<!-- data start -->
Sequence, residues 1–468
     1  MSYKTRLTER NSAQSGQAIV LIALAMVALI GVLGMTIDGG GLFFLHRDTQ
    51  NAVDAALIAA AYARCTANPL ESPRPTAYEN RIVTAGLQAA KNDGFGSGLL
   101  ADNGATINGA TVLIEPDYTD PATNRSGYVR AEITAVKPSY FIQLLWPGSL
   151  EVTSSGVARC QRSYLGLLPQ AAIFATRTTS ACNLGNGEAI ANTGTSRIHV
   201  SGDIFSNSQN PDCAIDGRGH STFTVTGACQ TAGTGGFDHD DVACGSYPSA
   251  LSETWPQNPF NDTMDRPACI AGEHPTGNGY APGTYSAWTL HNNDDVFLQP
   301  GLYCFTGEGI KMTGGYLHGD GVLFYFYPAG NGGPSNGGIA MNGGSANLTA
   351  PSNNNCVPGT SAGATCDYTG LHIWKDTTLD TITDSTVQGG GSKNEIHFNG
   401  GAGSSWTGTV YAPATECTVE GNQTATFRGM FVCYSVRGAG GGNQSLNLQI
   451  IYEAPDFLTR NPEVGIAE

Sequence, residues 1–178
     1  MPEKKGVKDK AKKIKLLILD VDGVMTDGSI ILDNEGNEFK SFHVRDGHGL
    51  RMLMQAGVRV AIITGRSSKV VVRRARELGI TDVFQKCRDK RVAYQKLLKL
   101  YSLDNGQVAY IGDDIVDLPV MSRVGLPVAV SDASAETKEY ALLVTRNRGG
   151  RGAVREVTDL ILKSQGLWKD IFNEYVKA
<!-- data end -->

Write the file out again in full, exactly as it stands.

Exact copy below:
Sequence, residues 1–468
     1  MSYKTRLTER NSAQSGQAIV LIALAMVALI GVLGMTIDGG GLFFLHRDTQ
    51  NAVDAALIAA AYARCTANPL ESPRPTAYEN RIVTAGLQAA KNDGFGSGLL
   101  ADNGATINGA TVLIEPDYTD PATNRSGYVR AEITAVKPSY FIQLLWPGSL
   151  EVTSSGVARC QRSYLGLLPQ AAIFATRTTS ACNLGNGEAI ANTGTSRIHV
   201  SGDIFSNSQN PDCAIDGRGH STFTVTGACQ TAGTGGFDHD DVACGSYPSA
   251  LSETWPQNPF NDTMDRPACI AGEHPTGNGY APGTYSAWTL HNNDDVFLQP
   301  GLYCFTGEGI KMTGGYLHGD GVLFYFYPAG NGGPSNGGIA MNGGSANLTA
   351  PSNNNCVPGT SAGATCDYTG LHIWKDTTLD TITDSTVQGG GSKNEIHFNG
   401  GAGSSWTGTV YAPATECTVE GNQTATFRGM FVCYSVRGAG GGNQSLNLQI
   451  IYEAPDFLTR NPEVGIAE

Sequence, residues 1–178
     1  MPEKKGVKDK AKKIKLLILD VDGVMTDGSI ILDNEGNEFK SFHVRDGHGL
    51  RMLMQAGVRV AIITGRSSKV VVRRARELGI TDVFQKCRDK RVAYQKLLKL
   101  YSLDNGQVAY IGDDIVDLPV MSRVGLPVAV SDASAETKEY ALLVTRNRGG
   151  RGAVREVTDL ILKSQGLWKD IFNEYVKA